Recent Posts

My Struggle to Get the Dodgers on Time Warner Cable: LA Times 5/25

Time Warner Cable DodgersMy wife gave me Time Warner Cable as a retirement present so I could spend my golden years watching the Boys in Blue on TV. This makes me a lucky guy because 70% of Southern California doesn’t get to watch the Dodgers on TV, at least until Charter Communications fulfills its promises. But nothing about it has been easy.
. . . continued at the L A Times op-ed page HERE

Do the Police have a Right to Withhold Video when they Kill Someone? TheNation.com 5/21

Do the police have a privacy right to withhold video shot by in-car cameras or body cams? Do public officials, acting in their public capacity, have a right to prevent the public from reviewing video evidence of their conduct? You’d think the answer was obviously “no.” When the police kill somebody, it’s not “private.”  . . . continued at TheNation.com, HERE

Chris Burden and ‘The Other Vietnam Memorial': TheNation 5/11

Los Angeles artist Chris Burden, who died on April 10 at age 69, is best known here for his 202 antique street lamps in front of LACMA—they’ve become an icon of the city—but one of his most fascinating and misunderstood works is The Other Vietnam Memorial– 3 million Vietnamese names etched into a dozen gigantic copper plates that stand 13 feet high.
. . . continued at TheNation.com, HERE

Videotape the police? There’s an App for that: KPFK 4/6

LISTEN online HERE   iTunes podcast HERE
The ACLU in California has released a free smart-phone app that allows people to send cellphone videos of police encounters to the ACLU, automatically—and the ACLU will preserve the video footage, even if the cops seize the phone and delete the video or destroy the phone. The app, “Mobile Justice CA,” works for both iPhones and Android users. It’s available at Apple’s App Store and at Google PlayHECTOR VILLAGRA of the ACLU-SoCal will explain.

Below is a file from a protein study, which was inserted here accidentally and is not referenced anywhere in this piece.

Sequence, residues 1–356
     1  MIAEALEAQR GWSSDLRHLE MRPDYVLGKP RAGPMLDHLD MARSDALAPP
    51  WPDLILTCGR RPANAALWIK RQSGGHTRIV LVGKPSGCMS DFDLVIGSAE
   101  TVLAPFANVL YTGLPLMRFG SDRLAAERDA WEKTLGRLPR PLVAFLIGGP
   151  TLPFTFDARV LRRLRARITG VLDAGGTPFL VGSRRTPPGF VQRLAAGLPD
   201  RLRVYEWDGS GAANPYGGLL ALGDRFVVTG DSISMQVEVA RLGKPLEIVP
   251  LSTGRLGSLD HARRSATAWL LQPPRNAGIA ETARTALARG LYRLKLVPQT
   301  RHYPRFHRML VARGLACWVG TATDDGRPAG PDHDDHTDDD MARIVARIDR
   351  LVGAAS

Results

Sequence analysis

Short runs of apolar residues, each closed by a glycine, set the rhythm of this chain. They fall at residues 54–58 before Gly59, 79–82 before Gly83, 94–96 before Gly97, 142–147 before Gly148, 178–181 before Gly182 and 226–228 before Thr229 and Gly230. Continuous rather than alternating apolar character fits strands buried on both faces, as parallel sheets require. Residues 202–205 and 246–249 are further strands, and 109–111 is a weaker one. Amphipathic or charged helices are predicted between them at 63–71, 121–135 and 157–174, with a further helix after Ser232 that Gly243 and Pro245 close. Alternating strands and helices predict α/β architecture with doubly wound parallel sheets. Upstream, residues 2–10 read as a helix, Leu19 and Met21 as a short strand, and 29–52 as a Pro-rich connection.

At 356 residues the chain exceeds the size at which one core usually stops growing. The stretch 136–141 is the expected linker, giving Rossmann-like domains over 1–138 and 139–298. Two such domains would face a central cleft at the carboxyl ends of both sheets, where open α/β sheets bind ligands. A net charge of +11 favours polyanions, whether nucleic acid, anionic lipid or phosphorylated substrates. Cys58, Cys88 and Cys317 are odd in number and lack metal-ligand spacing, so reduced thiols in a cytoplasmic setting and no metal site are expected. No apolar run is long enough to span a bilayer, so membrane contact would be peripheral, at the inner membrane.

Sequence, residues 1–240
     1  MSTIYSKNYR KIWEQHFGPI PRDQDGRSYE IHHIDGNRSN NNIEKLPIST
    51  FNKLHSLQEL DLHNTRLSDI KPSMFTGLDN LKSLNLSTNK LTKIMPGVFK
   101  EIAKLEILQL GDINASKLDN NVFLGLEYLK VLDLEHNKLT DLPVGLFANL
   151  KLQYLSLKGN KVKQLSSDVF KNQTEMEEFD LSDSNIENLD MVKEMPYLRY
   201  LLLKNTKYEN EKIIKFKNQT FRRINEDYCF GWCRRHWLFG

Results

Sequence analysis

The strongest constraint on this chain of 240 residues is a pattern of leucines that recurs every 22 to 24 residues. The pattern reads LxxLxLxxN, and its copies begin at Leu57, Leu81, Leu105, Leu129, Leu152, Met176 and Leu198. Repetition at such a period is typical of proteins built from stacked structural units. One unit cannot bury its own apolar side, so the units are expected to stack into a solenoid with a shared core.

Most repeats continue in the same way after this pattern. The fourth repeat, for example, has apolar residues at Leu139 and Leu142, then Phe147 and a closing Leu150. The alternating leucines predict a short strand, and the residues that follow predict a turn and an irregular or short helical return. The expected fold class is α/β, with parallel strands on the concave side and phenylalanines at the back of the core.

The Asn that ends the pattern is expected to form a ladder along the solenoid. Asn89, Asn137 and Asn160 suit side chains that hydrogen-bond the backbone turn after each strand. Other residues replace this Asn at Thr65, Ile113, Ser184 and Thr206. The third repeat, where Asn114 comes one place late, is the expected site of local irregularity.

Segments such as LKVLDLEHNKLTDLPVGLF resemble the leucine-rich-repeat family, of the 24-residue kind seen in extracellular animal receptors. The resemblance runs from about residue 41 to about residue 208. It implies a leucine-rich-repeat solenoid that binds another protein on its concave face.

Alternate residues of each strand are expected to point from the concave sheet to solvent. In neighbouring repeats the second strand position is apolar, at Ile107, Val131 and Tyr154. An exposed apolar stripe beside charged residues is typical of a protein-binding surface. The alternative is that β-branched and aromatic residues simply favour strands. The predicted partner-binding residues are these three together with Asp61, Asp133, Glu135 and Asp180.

Plus: It’s official: Bernie Sanders will be debating Hillary Clinton as they compete for the Democratic presidential nomination. JOHN NICHOLS will comment on the significance of the announcement by the DNC—he’s Washington editor of The Nation, and blogs at TheNation.com.  And ALAN MINSKY will introduce clips of Bernie speaking recently in Hollywood — Alan is Program Director at KPFK.

Defend Charlie Hebdo’s cartoons? Yes.
Give them an award? No. TheNation May 1

It’s a simple distinction, but somehow it’s been overlooked by a lot of those who support the decision by PEN to give its “Freedom of Expression” award to Charlie Hebdo. Those who signed the protest against the award (I was one of them) agree that Charlie Hebdo had a right to publish cartoons about Islam, no matter how disgusting, and not be killed for doing it. The question is whether Charlie Hebdo should be given an award for publishing them.
. . . continued at TheNation.com, HERE

ACLU App Preserves Cellphone Video of Police Encounters: TheNation May 1

The ACLU in California today released a free smart-phone app that allows people to send cellphone videos of police encounters to the ACLU, automatically—and the ACLU will preserve the video footage, even if the cops seize the phone and delete the video or destroy the phone. The app, “Mobile Justice CA,” works for both iPhones and Android users. It’s available at Apple’s App Store and at Google Play.